Almost two and a half years ago, I had an idea that I wanted to turn into a website or an app. Paying someone to do it for me would be overly expensive (at least for my budget), but the good news was that I could learn how to do it on my own, at home, right away and, therefore, having to pay only for the operating costs (domain name & hosting), which are relatively low. Of course, today in Greece there are organizations that offer programming courses, but back then that was not an option, and so the subject of this article is how you can achieve it on your own.

Before I begin, I wish to share my thoughts on the entire process, so that no misunderstandings arise. Learning how to code in order to create a website or a program isn’t very easy (whoever states the opposite will be lying), it is, though, 100% doable! Being a math expert is not necessary, as many are afraid of, but patience and observation certainly are. For as long as I have been involved with coding, it was never necessary for me to resort to mathematical calculations. What has been necessary, however, is to learn how to organize my thoughts in a sequential manner, meaning to break down the desired outcome into logical steps according to the chronological order they should be performed at (algorithm). Well, this is not so different from the procedure that we follow when, for instance, we want to cook, and I don’t think that anyone would ever say that you should know math to be able to cook!

Nevertheless, when you start learning to code, you should have at least decided what you would like to achieve with this new skill. With coding, you can create all sorts of things ranging from something extremely simple, such as a static website, to something exceptionally complicated, such as sending people to the moon (see Margaret Hamilton, the woman who along with her team sent the human species to the moon ). Obviously, the amount of knowledge, effort and time to learn how to do the first is not the same as for the second. The first thing you need to do is to think what you would like to know how to make. Based on this decision you will then choose what your first coding language is going to be (there are many, and you should start with one). Do you want to build sites or develop apps? If you’re going to build apps, on what operating systems and devices do you want them to run? These are the first crucial questions.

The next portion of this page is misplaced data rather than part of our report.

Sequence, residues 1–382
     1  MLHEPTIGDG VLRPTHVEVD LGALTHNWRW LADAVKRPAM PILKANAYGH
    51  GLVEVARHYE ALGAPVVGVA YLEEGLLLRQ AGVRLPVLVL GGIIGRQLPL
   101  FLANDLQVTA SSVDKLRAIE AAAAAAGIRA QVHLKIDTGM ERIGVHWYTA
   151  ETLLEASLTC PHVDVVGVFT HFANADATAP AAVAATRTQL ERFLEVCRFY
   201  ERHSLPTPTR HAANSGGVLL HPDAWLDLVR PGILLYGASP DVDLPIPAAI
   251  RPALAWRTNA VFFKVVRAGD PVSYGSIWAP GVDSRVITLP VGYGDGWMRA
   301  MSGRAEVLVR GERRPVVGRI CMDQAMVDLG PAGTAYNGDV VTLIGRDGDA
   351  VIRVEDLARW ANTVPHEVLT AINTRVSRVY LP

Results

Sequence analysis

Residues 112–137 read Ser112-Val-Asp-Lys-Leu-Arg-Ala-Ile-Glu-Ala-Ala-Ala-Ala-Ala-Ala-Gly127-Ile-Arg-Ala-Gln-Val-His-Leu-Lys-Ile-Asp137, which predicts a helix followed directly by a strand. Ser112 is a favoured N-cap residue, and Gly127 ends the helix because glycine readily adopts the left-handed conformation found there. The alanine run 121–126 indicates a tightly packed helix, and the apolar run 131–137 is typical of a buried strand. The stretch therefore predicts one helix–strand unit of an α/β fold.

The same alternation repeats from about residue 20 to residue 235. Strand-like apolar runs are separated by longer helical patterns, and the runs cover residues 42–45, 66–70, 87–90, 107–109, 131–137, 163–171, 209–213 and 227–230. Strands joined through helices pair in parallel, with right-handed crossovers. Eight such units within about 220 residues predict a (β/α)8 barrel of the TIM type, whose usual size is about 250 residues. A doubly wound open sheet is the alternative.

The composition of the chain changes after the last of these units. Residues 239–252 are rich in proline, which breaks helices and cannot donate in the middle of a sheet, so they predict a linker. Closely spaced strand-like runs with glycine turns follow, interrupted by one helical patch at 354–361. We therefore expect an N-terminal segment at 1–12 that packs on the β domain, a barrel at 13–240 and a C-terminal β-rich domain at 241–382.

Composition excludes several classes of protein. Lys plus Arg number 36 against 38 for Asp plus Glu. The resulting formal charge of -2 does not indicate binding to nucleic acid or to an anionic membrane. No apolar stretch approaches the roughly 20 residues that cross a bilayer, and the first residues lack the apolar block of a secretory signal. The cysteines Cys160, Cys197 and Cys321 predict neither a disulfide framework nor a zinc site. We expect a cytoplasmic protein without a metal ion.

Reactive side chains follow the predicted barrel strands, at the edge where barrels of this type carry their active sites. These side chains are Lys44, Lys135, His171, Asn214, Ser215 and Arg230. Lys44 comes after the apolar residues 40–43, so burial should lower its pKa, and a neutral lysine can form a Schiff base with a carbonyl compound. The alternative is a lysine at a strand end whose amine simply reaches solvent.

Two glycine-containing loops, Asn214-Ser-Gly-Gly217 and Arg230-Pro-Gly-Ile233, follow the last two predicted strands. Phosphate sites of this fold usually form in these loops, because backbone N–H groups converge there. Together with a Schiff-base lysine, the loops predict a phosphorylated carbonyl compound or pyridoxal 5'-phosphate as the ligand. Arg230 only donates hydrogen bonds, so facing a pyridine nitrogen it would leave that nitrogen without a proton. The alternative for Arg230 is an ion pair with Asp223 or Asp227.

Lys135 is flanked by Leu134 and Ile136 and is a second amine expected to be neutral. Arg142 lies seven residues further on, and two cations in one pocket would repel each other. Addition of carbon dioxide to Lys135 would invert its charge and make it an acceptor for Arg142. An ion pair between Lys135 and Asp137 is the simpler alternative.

As this introduction comes to an end, I want to reassure you that yes, you can quickly learn how to make something pretty good on your own, but it would be naive if I told you that you could for example in just one month deliver projects of professional quality. As with any other art, activity or job, it takes time to reach an advanced, professional level. But this is reasonable and should not discourage you from trying because, as I said earlier, learning to code is absolutely doable! How?

Step 1:

The first thing that I did was to try and understand whether learning how to code was something I would really like to do. Attention! Usually, the things we like are those we feel we are good at, meaning those that seem easy to us. If something seems hard in the beginning and you dislike it, this doesn’t mean that there is no way you will start liking it in the future. Maybe what you need is a bit more time and effort! To better understand what I was getting into, I went to Codecademy and began with the introductory tutorials there. Codecademy is a good starting point to get introduced to a range of coding languages, and I strongly recommend it for beginners.

Personally, after lots of google searches, I decided that for the things I wanted to create I would need HTML, CSS and Javascript. So, I started with the HTML and CSS tutorials, which are the easiest ones.

Step 2: